The angle to which the central section of the mattress frame is tilted by the motor 30 is governed by the location of the proximity switches 32 on the bar 31: the nearer a switch is to the head of the `T` shaped plate 33 when the central section is horizontal the smaller the angle of a tilt of the central section before the `T` shaped plate 33 closes said switch and stops the motor 30. Conversely, the near a switch is to the head of the T-shaped plate 33 when the central section is horizontal, the larger the angle of tilt of the central section before said switch is closed.
It will be appreciated that the above-described design could be varied to suit particular use. For example, if the bed were to be used for a very heavy occupant, the centre mattress section could be tilted by two motor-and-shaft drives, one adjacent each end of said section, instead of a single drive as described above. Further, the screw-and-nut drive acting on the lever 25 may be replaced by a double-acting hydraulic or pneumatic piston-and-cylinder as shown in FIG. 5. The lower end of the lever 25 is pivotally secured to one end of a piston rod 80, the other end of which is attached to a double-acting piston in a cylinder 82. Hydraulic fluid or air can be admitted to either side of the cylinder to move the piston rod 80, and hence the end of the lever 25, in the direction of arrow C or the opposite direction. Hydraulic fluid or air is supplied to the cylinder 82 by a motor-driven pump or by a foot-pump (not shown). The motor-driven pump 83 may be controlled by the nurse or occupant of the bed, or may be connected to an electronic timing device to operate automatically at pre-set intervals.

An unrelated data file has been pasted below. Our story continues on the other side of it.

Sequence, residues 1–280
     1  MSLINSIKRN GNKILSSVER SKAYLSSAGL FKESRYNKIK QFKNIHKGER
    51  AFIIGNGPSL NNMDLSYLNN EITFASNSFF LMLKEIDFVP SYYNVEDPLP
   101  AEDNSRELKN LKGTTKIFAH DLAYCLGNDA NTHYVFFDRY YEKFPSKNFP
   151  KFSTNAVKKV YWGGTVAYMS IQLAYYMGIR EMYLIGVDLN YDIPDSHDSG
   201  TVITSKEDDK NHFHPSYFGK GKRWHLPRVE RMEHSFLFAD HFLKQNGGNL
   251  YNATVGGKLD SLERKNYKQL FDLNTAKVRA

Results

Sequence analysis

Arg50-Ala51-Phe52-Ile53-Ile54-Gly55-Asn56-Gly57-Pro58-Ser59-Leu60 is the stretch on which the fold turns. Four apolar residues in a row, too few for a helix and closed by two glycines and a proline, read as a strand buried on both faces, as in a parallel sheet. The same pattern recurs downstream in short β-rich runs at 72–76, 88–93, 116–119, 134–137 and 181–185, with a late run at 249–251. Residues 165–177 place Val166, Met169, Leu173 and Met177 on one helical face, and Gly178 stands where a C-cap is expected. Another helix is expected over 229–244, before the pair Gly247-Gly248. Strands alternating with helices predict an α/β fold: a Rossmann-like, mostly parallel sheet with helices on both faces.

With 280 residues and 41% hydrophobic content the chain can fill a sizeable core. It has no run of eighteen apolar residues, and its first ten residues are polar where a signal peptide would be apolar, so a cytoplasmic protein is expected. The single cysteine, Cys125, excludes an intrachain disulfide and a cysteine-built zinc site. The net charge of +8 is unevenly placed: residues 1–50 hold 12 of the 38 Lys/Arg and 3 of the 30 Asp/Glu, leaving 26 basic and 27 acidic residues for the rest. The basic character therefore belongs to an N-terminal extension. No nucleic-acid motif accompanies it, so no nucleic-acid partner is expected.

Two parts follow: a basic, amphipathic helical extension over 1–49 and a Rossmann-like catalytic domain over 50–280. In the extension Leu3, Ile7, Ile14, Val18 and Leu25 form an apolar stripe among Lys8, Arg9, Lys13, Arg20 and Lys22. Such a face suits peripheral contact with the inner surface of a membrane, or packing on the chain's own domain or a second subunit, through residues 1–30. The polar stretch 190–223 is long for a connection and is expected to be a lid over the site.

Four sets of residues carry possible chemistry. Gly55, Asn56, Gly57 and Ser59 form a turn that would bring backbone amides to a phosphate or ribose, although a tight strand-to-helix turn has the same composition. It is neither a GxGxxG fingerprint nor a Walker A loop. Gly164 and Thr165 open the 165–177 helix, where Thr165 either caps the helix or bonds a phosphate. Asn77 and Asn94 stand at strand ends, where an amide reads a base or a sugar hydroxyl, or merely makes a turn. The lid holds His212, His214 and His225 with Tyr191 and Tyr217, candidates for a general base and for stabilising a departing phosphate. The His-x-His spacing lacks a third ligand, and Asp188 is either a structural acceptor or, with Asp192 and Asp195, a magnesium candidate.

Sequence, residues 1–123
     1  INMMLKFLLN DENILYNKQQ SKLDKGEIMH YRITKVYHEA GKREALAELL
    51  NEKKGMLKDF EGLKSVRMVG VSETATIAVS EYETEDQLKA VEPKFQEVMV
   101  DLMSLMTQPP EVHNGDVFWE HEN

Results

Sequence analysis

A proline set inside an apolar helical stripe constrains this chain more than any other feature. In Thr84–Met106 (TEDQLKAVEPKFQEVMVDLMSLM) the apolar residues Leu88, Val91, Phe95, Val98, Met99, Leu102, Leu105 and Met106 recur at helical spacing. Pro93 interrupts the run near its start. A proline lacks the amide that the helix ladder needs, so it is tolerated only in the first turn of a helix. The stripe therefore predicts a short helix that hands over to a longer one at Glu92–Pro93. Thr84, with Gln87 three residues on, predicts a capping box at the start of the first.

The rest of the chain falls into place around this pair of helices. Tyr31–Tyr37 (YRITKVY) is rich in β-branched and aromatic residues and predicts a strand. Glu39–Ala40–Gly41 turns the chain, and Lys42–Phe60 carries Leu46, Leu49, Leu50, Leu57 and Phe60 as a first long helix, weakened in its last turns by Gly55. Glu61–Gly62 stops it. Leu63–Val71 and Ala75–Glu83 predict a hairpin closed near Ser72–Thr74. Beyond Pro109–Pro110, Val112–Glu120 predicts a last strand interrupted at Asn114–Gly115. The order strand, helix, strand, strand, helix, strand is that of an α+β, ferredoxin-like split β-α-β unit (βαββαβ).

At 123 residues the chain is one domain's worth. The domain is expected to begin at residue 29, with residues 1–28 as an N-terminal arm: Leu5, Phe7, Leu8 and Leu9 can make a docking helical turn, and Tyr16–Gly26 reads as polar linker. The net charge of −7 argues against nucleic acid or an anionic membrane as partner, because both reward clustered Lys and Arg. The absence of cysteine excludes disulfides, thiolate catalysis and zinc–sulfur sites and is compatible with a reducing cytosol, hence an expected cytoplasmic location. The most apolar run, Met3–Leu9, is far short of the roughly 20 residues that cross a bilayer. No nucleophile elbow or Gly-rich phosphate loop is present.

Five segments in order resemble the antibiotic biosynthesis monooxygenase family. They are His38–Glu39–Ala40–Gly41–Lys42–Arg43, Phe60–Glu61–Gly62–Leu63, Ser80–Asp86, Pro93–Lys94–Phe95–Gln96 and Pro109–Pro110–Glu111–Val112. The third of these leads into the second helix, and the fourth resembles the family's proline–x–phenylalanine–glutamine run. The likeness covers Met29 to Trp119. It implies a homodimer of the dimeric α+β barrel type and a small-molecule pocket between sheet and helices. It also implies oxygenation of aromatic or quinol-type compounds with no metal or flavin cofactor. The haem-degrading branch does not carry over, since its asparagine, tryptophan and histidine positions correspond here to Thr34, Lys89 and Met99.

Preferably, the mattress frame is divided longitudinally into 3 sections, as described above. However, if desired the centre section of said frame may have two or more outer sections pivotally secured adjacent each longitudinal side thereof. Each said outer section is pivotally secured to the or each adjacent outer section, in the same manner as the centre section is secured to said outer sections. When the centre section is tilted, the outer sections adjacent the upwardly tilted side thereof are raised as one with said centre section, and the outer sections adjacent the other side of the centre section tilt downwards towards said side by different degrees depending upon the amount of friction in the pivotal connection between said outer sections.
The tilting assembly described in the foregoing can be fitted to most conventional hospital types of bed frame. The tilting assembly comprising the mattress frame, lever, and tilting mechanism may be made and sold separately from the bed frame, and fitted to conventional hospital beds, thus greatly reducing the cost to the hospital.
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|U.S. Classification||5/609, 5/613|